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Kolkata: The anatomy of a city in Agni Mitra thrillers


The first Agni Mitra thriller ‘In the Shadows of Death’ (https://goo.gl/ajgKLn) starts with a portrayal of Park Street on a rainy evening, which goes as below: 

“Those who had run for cover under the shades included men and women who had been working late in the many offices in the neighbourhood, street children who would otherwise flock around foreigners staying in one of the plush hotels in the area, pimps who carried albums loaded with pictures of call-girls and would get in the way of men roaming around alone in Park Street, and hookers who roamed the streets or waited patiently for hours on end in desolate corners of the roads or in the bus stops in their loud make-up and hopeful eyes, waiting to be picked up and driven to cheap hotels around the place. The incongruous mix of people who stood next to each other, skin to skin, in the bus stops or under the ledges of the showrooms of global brands that lined the road, made Agni smile to himself every time he crossed them. That one stretch of road had something for everyone in the city – the movers and the shakers, and those resigned to the gutters.” 

This picture of the throbbing heart of the city contrasts sharply with the serenity of the Ganga at the Princep Ghat in another section of the novel: 

“The Ganga stretched below us on both sides, the gloom of the sky reflected in its black waters. The riverfront stretched behind around Princep Ghat. The trident lights, landscaped gardens, fountains, street food and a quiet boat ride away from the din of the city – the perfect getaway. 

Every city has one, I guess. After all, you do need a place to hide when everything and everyone around you seems alien. 

I hit the Kona Expressway which connects the city with National Highways 2 and 6 leading to Delhi and Mumbai. The concrete around me gave way to the green, and the bumps and potholes underneath vanished. I stopped at the Toll Plaza briefly and then drove straight. The empty road stretching to the horizon like smooth black silk beckoned me…” 

When the reviews started coming in, I realized that in addition to the plot and the characterizations, my portrayal of Kolkata has touched a chord with readers. Some of them even wanted me to explore the city more in my next story!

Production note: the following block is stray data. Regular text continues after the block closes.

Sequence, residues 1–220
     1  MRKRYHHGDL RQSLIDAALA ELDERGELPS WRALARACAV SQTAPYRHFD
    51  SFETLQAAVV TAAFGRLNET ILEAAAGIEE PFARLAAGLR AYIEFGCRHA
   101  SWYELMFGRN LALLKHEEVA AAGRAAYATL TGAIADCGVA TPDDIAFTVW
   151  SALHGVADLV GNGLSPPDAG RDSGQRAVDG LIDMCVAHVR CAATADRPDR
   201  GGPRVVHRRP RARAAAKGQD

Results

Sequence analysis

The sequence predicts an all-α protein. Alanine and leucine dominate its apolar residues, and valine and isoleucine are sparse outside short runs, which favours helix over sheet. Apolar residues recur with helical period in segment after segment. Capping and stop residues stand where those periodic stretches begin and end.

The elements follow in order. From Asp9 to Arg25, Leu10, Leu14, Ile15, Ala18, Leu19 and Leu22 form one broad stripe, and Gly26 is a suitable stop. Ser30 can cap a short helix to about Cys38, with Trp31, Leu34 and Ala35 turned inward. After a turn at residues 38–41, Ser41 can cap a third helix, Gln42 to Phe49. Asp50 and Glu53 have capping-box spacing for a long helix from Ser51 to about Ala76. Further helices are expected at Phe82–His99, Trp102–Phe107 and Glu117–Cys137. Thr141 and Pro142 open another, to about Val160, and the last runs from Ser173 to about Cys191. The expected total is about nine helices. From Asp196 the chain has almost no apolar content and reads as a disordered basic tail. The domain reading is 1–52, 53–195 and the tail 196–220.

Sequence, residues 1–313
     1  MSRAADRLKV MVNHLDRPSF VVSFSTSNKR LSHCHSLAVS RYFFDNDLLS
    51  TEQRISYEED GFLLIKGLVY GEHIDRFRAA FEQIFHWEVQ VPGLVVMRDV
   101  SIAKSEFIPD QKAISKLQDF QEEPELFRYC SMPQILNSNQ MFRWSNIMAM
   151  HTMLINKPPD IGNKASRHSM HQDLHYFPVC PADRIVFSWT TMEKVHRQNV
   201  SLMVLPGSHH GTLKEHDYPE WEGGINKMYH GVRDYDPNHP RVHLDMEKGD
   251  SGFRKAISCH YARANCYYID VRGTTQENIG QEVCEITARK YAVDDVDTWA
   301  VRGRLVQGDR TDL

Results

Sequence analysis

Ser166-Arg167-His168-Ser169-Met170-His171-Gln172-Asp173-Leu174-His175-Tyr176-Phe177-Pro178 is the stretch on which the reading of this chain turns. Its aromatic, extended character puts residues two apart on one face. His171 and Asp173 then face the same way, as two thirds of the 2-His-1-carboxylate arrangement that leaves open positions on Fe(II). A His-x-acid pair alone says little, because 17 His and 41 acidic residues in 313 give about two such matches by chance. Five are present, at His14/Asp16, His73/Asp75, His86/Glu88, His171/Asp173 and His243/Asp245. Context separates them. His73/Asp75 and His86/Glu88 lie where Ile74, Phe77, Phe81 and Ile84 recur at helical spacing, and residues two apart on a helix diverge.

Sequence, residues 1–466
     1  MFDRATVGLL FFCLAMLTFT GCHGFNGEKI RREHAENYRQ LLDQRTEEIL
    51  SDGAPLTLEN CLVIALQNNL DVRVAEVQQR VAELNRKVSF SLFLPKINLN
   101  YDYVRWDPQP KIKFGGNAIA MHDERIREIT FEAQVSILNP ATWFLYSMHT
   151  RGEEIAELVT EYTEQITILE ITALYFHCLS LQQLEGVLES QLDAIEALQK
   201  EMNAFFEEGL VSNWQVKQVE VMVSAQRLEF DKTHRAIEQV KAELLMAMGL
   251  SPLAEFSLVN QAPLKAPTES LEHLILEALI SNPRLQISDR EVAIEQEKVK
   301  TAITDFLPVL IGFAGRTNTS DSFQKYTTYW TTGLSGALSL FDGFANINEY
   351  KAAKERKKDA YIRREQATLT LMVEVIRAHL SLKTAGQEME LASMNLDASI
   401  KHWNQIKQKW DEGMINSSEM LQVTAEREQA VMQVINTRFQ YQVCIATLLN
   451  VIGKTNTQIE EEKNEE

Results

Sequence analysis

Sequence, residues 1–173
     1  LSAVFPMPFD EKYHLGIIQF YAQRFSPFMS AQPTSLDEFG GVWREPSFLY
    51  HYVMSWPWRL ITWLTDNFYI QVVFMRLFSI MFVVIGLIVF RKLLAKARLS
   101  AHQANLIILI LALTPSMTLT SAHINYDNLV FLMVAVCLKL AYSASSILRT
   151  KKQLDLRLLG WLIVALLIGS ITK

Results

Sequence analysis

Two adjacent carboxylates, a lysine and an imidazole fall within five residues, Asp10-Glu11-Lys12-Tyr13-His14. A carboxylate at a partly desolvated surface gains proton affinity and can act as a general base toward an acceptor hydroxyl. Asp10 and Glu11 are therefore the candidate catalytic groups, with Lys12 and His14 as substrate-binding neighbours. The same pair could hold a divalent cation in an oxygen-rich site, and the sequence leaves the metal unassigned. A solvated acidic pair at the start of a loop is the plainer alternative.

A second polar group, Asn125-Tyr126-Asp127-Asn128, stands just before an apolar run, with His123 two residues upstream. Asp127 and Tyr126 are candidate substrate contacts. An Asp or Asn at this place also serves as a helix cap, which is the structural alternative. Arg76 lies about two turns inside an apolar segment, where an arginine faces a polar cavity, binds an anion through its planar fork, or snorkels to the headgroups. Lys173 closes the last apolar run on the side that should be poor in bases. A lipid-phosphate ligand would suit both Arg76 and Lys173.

While writing ‘The Colours of Passion’ (https://goo.gl/cnY38Z), I did exactly that! 

Thus, the backdrop of the story ends up being an eclectic collage.

While writing this novel, what I realized is that, in the ‘new’ Kolkata, we have the moneyed upper class and the upwardly mobile middle class with its new-found avenues of prosperity that make the city a natural destination for global brands and plush real estate. We have shopping malls which are among the best in Asia, residential apartments which literally kiss the sky (the 'Atmosphere' towers on the E. M. Bypass with its skywalk 'Deya' finds a mention in the novel), nightlife which is among the best in the country, and a glamour industry which is getting its due attention in the national and international arena.

We also have the squalor of slums like Tiljala that are now home to the burgeoning mafia – smugglers, contract killers – and their unholy nexus with politicians and industrialists.

Yet, the ‘bright morning sun reflects from the steeple of St. Paul’s Cathedral’, ‘holidaying crowds make a beeline for the decked-up horse carriages for a ride by the Maidan and the Fort William grounds’, and the ‘autumn mist still hangs on the vast expanse of the Maidan’ and come autumn, ‘the city erupts with festivities, when happy faces beam all around and laughter echoes in the autumn air, when crowds throng streets awash with lights’. 

Kolkata comes alive in the pages of 'The Colours of Passion' as Agni traverses the city in hot pursuit of a murderer responsible for the brutal rape and murder of Tolly heart-throb Hiya Sen, followed by two more murders.

My Kolkata is a living, breathing character in ‘The Colours of Passion’. She had to be introduced in all her glory – warts and all notwithstanding – to the world, all over again.

(Note: Quoted lines are from the works of the author)

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